Homeric Imagery and the Natural Environment

  Brockliss, William. 2019. Homeric Imagery and the Natural Environment. Hellenic Studies Series 82. Washington, DC: Center for Hellenic Studies. http://nrs.harvard.edu/urn-3:hul.ebook:CHS_BrocklissW.Homeric_Imagery_and_the_Natural_Environment.2019.

Part III. Youth and Death


The third and final part of this monograph focuses on Homeric vegetal images of death and, in particular, on Homeric associations of death with flowers, which provide some of the most striking examples of such imagery. We might feel intuitively that such floral images will capture the brevity of life—its brief bloom—an idea that is common in the modern west, as for instance in Shakespeare’s image of the “darling buds of May.” And such a reading seems to gain justification when we consider the floral imagery of Greek elegiac poetry, which carries connotations similar to those of its western equivalents. We should however be wary of applying modern ideas to ancient texts, even when we find support for our conceptions from some elements of ancient culture. When we carefully consider the Homeric floral imagery of death, both from the Iliad and elsewhere, we see that it focuses on a concept altogether different from the brevity of life: namely, the monstrous otherness of death.

We get a first glimpse of the conception of death suggested by Homeric floral imagery and of its place in wider Greek culture when we consider Christiane Sourvinou-Inwood’s seminal study “Reading” Greek Death, Ian Morris’ response to her work, and Jean-Pierre Vernant’s separate explorations of death in Greek culture. Sourvinou-Inwood argues that the passage from the Dark Age to the archaic age witnessed a change in attitudes to death. In the Dark Age, death was hated but not feared; its incorporation into notions of generational continuity and into the structures of the family and of the wider community made it somewhat more acceptable. The archaic age, by contrast, saw the development of a more individualistic conception of death; death came to be feared as the dissolution of an individual’s identity. These attitudes were expressed in part through depictions of monstrous figures such as the Sphinx or the Gorgons. Sourvinou-Inwood associates Homeric conceptions of death primarily with the Dark Age and with its acceptance of death, but identifies occasional intrusions of archaic sensibilities into the Homeric poems: for instance, according to her the notion of punishments and rewards for the dead in Odyssey 11 or Hermes’ function as the conveyer of souls to the Underworld in Odyssey 24 reflect archaic Greek attempts to assuage fears of death. [1]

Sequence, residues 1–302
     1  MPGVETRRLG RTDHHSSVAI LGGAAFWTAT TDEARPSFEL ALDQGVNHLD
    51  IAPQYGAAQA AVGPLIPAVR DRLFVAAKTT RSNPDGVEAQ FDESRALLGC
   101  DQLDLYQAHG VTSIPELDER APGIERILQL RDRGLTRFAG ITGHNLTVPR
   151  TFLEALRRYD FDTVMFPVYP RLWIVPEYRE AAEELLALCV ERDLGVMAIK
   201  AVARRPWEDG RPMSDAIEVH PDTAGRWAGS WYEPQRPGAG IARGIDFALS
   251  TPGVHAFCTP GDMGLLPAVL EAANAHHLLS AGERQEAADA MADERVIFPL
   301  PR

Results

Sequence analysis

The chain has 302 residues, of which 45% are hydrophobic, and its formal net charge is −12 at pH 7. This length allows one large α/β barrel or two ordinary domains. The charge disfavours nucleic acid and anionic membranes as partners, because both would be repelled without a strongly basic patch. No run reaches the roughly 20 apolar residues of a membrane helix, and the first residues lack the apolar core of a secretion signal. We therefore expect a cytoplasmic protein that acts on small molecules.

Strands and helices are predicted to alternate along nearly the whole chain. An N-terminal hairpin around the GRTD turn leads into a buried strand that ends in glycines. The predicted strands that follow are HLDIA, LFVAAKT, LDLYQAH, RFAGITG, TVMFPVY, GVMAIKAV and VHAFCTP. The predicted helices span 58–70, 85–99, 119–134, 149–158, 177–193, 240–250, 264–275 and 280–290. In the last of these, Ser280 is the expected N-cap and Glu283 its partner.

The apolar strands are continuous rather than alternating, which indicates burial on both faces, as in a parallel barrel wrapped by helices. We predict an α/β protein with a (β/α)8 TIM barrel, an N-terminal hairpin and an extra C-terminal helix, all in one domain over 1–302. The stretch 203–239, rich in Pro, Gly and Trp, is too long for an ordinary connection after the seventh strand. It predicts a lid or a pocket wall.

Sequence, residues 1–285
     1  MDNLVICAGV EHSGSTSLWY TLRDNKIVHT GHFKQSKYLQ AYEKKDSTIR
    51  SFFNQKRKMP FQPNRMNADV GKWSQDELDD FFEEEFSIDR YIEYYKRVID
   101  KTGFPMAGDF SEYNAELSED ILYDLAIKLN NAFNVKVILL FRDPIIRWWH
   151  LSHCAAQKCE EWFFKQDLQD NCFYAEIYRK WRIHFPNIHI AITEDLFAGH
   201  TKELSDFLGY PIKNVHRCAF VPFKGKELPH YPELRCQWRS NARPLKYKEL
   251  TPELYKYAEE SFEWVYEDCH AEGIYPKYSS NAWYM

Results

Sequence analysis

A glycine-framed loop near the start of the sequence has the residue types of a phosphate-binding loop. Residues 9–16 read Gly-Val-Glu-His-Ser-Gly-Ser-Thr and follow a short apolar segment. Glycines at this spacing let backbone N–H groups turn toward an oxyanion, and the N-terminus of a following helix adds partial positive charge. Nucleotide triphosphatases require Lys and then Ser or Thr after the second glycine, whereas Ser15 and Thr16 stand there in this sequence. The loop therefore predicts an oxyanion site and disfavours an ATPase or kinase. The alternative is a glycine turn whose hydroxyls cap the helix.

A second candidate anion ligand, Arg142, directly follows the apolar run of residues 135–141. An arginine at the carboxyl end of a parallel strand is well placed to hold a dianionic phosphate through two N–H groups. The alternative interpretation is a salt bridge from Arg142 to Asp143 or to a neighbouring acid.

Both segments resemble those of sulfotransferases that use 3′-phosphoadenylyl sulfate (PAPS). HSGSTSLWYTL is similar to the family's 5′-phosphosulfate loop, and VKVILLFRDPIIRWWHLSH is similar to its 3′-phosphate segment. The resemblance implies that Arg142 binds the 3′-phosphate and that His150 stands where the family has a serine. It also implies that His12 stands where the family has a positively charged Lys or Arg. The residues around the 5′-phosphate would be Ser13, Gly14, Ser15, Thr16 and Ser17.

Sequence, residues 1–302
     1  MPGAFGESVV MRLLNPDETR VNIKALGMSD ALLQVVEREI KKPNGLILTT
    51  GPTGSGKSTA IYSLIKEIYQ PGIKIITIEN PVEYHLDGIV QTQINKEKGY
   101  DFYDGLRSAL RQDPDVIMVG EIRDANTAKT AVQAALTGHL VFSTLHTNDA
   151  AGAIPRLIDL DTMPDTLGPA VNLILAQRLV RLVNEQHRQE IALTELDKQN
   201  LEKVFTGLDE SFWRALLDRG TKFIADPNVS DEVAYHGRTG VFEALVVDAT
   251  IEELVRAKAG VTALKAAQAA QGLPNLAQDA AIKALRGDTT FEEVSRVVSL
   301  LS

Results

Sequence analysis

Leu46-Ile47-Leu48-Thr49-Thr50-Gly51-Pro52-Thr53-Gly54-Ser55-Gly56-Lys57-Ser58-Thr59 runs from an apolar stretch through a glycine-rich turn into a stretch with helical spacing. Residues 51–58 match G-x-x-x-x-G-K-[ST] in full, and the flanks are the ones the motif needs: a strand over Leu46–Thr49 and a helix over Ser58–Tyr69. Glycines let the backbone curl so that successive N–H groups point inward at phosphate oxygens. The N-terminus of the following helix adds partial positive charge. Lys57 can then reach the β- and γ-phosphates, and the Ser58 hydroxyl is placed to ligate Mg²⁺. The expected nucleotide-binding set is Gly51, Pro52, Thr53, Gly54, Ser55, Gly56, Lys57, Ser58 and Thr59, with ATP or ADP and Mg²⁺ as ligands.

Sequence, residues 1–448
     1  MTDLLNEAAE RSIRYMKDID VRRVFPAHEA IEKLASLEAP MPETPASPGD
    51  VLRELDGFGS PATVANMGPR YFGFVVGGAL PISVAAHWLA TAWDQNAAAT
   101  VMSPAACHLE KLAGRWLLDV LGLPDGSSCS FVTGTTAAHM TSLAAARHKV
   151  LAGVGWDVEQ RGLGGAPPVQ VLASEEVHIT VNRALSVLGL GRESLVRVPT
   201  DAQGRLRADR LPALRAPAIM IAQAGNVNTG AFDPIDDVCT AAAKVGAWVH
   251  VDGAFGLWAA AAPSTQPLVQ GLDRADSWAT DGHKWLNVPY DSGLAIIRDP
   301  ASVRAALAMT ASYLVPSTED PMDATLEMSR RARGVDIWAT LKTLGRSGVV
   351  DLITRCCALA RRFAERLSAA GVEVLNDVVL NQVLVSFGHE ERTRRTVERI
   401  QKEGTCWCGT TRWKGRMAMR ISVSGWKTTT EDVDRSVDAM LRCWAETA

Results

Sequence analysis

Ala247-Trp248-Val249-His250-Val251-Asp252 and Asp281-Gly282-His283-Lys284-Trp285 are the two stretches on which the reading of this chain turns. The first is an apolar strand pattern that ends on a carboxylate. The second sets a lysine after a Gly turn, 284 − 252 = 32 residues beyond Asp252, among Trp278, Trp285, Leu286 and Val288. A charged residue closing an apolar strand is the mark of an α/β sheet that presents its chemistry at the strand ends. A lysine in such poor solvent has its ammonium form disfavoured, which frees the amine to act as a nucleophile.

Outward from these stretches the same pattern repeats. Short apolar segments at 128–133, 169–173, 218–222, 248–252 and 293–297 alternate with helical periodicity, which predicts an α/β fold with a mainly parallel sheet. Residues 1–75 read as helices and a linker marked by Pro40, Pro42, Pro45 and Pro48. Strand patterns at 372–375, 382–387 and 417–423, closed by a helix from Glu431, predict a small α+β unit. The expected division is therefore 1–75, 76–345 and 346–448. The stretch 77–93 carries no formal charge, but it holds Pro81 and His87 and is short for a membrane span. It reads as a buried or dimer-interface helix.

Sourvinou-Inwood’s findings (at least as they are presented in earlier articles) have come under attack from Ian Morris. [2] In a review both of her literary and of her archaeological evidence, Morris argues that no clear progression can be traced from Dark-Age to archaic Greek conceptions of death: a particular set of early Greek poets might place greater emphasis on one or other aspect of death in response to different social milieux or to changing political circumstances; nevertheless, a relatively consistent attitude towards death unites the output of poets from this period. Morris accepts that depictions of death in pre-classical poetry to some extent reflect contemporary political developments. The Homeric poems focus on the glory of the noble individual, which would have been celebrated in traditional, aristocratic societies. Poets such as Tyrtaeus and Callinus responded to the development of the archaic Greek polis: their poems place emphasis on the warrior-as-citizen, as a representative and defender of his community. Morris also acknowledges that poets might have emphasized particular aspects of death in response to particular social contexts, such as the symposium. For instance, the elegiac poetry of Mimnermus, which “stress[es] youthful sympotic pleasures,” carries different emphases from the Homeric poems, or indeed from the elegiac poetry of Tyrtaeus and Callinus. [3] But Morris argues that a consistent conception of death underlies all of these depictions: they reflect a general acceptance of death—whether through the winning of glory on the battlefield or through dying on behalf of the polis, or in the course of old age—rather than the individualistic fear of death described by Sourvinou-Inwood.

In addition, floral images from the elegiac and Homeric corpora support Morris’ notion of distinctions between different Greek genres; however, the distinctions that we shall observe suggest not to much the sort of unified picture of archaic Greek culture offered by Morris as the clear contrasts identified by Vernant. As will become clear, a comparison of the floral imagery of archaic Greek elegy with that of Homeric poetry (which I treat as products of contemporaneous performance traditions) reveals a dialogue between two different conceptions of death.


[ back ] 1. Sourvinou-Inwood 1995. See pp. 66–70 on justice for the Homeric dead and pp. 103–107, 303–356 on Hermes Psychopompus.

[ back ] 2. Morris 1989.

[ back ] 3. Morris 1989:307. I discuss Mimnermus’ poetry alongside that of Tyrtaeus in Chapter 7 below.

[ back ] 4. Vernant 1996.

[ back ] 5. Vernant 1991a, c.

[ back ] 6. Vernant 2001.

[ back ] 7. See my Introduction for the different poetic traditions of archaic Greece. With particular relevance to the poems that I shall discuss below, see Nagy 1985:46–50 on Greek elegy.

[ back ] 8. Vernant 1991a, 1991b, 1996.